[Milton-L] Humble request (was Milton-L Digest, Vol 75, Issue 14)

Jameela Lares Jameela.Lares at usm.edu
Tue Feb 19 14:47:07 EST 2013

Might I humbly request that anyone posting to this list use a more descriptive subject line than "Milton-L Digest"?

Jameela Lares
Professor of English
The University of Southern Mississippi
118 College Drive, #5037
Hattiesburg, MS  39406-0001
601 266-4319 ofc
601 266-5757 fax
From: milton-l-bounces at lists.richmond.edu [milton-l-bounces at lists.richmond.edu] on behalf of John Leonard [jleonard at uwo.ca]
Sent: Tuesday, February 19, 2013 12:14 PM
To: John Milton Discussion List
Subject: Re: [Milton-L] Milton-L Digest, Vol 75, Issue 14

I can hear nothing trite in 'bear up and steer / Right onward'.  I can see that 'uphillward' might convey that impression (especially after the nautical imagery in 'bear up' and 'steer'), but Jim is surely right on when he says 'Right onward' is 'heroic in the face of adversity'. Both the language and imagery (sailing against a head wind) look forward to Satan's journey through Hell and Chaos, when he is likened to a merchant fleet 'Close sailing from Bengala' as it plies 'Stemming nightly toward the pole'. ('Close' and 'stemming' are also nautical terms.) 'Bear up' also plays on the senses 'uphold principles' and 'keep up courage' (OED 21), ideas that Milton took seriously.

John Leonard

On 19/02/2013 12:39 PM, James Rovira wrote:
I read the tone as heroic in the face of adversity, Milton believing that he suffered a loss of eyesight because of his defense of liberty in England.  I don't mean to argue that "steer / Right onward" might sound trite, but it could be that he hoped the serious tone of the poem up until that point would carry that construction through as well, and that the reference to his "noble task" would elevate it afterwards.  He also seems to consider the fame he won for his engagement of this noble task as compensation for his loss of eyesight.

So I would say that the "still bear up and steer / Right onward" is not later to be rejected, but is supported by the rest of the poem, while the previous clause beginning with "Yet I argue not..." is the idea to be rejected: that Milton might argue with God about his loss of eyesight.  He seems to be positioning himself as facing the temptations of Job here and coming out on top.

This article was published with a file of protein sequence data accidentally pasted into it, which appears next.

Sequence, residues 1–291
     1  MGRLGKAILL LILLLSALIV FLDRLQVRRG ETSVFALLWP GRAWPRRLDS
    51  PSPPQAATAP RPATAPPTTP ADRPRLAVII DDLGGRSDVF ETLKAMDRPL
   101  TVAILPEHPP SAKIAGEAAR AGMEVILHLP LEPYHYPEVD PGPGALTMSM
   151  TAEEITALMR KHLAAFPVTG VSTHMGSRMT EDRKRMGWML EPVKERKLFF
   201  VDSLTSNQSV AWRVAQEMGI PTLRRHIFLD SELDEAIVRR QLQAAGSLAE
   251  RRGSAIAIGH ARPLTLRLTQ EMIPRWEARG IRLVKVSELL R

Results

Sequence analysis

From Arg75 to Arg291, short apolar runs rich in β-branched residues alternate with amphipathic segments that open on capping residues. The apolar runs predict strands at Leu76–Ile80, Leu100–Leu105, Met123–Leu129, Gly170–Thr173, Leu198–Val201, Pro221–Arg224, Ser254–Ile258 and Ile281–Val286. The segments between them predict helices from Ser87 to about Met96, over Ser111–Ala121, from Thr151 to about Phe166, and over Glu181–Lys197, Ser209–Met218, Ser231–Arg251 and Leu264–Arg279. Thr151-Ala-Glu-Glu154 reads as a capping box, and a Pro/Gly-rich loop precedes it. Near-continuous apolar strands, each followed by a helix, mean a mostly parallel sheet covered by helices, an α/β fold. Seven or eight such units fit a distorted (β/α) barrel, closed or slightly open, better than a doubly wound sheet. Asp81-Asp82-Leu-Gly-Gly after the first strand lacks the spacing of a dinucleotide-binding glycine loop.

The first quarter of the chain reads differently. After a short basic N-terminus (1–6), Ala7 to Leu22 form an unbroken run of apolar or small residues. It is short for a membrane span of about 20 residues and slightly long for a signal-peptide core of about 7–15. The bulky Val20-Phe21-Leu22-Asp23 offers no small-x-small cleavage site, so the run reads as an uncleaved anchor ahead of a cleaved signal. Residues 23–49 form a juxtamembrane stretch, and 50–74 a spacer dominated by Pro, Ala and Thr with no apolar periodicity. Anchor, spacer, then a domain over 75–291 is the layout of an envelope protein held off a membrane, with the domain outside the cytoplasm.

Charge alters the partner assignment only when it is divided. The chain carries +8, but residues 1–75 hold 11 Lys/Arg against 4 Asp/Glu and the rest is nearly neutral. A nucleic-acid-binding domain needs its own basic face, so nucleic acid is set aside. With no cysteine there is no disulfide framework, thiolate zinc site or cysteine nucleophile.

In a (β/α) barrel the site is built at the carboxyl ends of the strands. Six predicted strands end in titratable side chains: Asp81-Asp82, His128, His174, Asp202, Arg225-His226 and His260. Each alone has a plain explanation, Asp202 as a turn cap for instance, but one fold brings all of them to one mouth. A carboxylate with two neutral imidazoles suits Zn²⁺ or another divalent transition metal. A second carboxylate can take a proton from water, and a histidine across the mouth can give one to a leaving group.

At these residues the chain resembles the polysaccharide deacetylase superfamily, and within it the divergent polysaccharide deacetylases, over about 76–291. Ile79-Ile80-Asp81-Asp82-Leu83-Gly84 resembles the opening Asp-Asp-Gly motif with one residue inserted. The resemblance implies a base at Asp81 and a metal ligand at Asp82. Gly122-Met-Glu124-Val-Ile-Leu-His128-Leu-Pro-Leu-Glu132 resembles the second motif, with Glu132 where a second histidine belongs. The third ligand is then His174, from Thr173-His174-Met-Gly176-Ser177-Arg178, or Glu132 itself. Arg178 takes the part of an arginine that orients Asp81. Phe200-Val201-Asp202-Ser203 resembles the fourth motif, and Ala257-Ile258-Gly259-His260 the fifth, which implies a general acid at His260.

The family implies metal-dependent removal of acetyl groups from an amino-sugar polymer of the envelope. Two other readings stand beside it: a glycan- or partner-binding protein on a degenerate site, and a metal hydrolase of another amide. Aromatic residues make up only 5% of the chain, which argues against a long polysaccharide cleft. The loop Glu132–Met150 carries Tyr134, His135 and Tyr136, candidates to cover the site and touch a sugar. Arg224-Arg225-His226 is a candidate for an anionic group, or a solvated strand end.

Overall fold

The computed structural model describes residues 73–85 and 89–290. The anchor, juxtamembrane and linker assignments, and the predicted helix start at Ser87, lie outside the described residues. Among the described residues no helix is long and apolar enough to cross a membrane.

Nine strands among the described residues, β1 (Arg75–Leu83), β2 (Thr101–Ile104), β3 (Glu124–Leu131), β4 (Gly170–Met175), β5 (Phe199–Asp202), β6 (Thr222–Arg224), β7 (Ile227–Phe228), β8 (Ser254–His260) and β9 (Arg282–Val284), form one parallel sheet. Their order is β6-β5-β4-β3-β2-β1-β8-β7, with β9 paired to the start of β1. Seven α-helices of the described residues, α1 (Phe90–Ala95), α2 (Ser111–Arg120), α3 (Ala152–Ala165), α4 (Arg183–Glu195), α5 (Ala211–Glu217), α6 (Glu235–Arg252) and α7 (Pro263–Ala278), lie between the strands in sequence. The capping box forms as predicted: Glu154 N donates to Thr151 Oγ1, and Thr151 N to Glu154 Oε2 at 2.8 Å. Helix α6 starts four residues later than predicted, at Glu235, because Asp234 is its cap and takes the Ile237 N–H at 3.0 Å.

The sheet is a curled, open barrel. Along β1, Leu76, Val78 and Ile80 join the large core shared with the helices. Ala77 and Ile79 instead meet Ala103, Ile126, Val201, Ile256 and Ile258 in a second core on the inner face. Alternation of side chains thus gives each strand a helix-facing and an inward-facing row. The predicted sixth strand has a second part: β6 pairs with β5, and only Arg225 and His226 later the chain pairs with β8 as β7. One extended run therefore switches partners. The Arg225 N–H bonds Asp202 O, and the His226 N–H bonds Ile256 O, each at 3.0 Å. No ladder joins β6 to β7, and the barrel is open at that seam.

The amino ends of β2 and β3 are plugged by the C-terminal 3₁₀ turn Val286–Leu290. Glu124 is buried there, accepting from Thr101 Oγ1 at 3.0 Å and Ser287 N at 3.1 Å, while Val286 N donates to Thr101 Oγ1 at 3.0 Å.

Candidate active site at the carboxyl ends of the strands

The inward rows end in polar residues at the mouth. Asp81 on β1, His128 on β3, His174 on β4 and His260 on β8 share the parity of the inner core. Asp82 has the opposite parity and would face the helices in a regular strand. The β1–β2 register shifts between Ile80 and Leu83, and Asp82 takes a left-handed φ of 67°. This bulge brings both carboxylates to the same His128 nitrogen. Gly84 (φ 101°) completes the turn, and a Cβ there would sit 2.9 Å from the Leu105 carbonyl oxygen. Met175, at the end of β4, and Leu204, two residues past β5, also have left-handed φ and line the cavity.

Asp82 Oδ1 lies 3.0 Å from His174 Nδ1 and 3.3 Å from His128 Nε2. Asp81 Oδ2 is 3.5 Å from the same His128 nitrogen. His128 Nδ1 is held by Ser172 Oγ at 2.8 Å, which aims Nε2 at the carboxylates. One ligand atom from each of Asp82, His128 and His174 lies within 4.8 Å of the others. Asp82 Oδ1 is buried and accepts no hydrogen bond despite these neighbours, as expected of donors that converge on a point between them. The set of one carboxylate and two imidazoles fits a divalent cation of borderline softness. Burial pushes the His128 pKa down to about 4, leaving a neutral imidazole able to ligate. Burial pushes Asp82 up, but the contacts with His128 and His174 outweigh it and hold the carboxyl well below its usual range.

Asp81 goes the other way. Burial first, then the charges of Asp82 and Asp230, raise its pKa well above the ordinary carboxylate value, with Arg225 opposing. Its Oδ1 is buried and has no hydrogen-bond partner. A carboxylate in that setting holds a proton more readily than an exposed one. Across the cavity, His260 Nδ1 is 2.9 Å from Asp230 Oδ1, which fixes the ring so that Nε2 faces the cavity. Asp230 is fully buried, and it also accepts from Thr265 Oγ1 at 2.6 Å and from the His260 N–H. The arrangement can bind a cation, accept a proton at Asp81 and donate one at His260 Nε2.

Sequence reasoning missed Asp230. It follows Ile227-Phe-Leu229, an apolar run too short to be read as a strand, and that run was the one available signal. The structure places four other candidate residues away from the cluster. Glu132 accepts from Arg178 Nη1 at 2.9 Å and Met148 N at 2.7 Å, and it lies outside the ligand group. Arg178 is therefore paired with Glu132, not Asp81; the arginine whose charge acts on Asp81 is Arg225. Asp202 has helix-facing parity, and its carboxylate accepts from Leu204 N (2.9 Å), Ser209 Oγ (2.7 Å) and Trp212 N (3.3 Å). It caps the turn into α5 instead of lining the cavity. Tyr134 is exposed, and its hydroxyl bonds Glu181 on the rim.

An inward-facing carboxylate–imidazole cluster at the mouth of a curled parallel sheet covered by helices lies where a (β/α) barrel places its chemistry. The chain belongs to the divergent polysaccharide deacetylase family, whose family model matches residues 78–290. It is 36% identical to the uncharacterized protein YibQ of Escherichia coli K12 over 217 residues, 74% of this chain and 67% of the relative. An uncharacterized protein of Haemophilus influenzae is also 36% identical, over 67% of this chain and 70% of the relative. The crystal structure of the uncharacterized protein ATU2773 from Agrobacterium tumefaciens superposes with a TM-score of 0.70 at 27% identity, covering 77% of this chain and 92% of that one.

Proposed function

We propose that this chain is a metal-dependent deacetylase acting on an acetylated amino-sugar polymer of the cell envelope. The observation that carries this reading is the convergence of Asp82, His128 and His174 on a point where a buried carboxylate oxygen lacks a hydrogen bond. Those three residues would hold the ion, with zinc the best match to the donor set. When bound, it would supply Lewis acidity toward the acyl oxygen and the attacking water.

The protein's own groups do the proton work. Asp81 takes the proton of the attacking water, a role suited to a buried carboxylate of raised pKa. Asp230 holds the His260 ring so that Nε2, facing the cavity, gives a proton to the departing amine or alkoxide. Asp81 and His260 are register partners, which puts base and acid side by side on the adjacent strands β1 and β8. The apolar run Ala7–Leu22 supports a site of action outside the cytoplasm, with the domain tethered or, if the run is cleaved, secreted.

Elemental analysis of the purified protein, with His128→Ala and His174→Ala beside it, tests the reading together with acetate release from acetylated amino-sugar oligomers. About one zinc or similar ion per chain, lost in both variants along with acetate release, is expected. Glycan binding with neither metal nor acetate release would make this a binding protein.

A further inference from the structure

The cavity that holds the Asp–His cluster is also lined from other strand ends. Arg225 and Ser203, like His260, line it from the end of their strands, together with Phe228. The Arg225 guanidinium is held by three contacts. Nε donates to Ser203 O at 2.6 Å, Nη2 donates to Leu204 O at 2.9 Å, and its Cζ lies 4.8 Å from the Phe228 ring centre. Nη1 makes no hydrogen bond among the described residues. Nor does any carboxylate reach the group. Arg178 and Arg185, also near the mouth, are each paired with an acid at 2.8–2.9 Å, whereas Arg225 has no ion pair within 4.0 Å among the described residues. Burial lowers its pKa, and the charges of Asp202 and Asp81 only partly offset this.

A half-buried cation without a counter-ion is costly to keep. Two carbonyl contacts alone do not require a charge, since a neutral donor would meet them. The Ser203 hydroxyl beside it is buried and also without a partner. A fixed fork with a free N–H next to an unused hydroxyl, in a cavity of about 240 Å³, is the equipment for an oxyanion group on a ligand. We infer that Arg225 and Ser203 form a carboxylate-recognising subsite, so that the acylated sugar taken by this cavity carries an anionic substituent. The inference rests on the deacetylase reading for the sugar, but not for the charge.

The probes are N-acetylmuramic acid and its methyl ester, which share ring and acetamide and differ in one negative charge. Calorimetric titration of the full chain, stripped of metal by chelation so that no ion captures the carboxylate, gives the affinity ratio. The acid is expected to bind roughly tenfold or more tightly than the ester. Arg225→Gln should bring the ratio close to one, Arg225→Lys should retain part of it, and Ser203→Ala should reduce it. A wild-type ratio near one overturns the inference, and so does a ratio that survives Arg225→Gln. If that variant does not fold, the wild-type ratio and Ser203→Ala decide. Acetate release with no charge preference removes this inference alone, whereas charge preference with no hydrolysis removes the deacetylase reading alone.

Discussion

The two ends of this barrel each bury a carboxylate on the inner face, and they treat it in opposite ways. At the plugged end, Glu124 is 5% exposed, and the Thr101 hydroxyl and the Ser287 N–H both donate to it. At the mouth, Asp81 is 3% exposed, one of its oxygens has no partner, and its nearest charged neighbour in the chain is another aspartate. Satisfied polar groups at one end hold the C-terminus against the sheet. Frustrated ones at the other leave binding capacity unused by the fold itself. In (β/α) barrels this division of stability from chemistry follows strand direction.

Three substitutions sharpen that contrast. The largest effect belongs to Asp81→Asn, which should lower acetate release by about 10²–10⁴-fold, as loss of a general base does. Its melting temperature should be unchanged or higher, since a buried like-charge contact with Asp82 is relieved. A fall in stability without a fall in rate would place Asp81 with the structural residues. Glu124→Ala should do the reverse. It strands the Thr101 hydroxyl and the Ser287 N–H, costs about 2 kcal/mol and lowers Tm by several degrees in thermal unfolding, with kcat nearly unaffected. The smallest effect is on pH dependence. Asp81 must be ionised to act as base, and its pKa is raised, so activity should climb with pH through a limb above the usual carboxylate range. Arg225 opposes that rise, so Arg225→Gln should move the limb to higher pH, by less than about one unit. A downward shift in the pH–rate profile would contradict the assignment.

Jim R

On Tue, Feb 19, 2013 at 12:28 PM, Christopher Baker <christopher.baker at armstrong.edu<mailto:christopher.baker at armstrong.edu>> wrote:
Dear scholars,

I have read every article and chapter on "To Cyriack Skinner upon his Blindness" that I could get my hands on and am working through the tone of lines 6-9:
Yet I argue not
Against Heaven's hand or will, nor bate a jot
Of heart of hope; but sill bear up and steer
Right onward. What supports me dost thou ask?

Many editors note the revisions to the poem, including replacing "Uphillward" with "Right onward." In addition to more clearly initiating the sense of traveling/sailing  that other elements of the poem produce, "Right onward" sounds to me as purposefully trite, more along the lines of Milton's reference to the "fatal and perfidious bark" in "Lycidas," a trite explanation called in to be ultimately rejected. I see the four aspirated "h" sounds in the first halves of lines 7 and 8 as contributing to that tone.

What are your thoughts? Many thanks.

Angelica Duran

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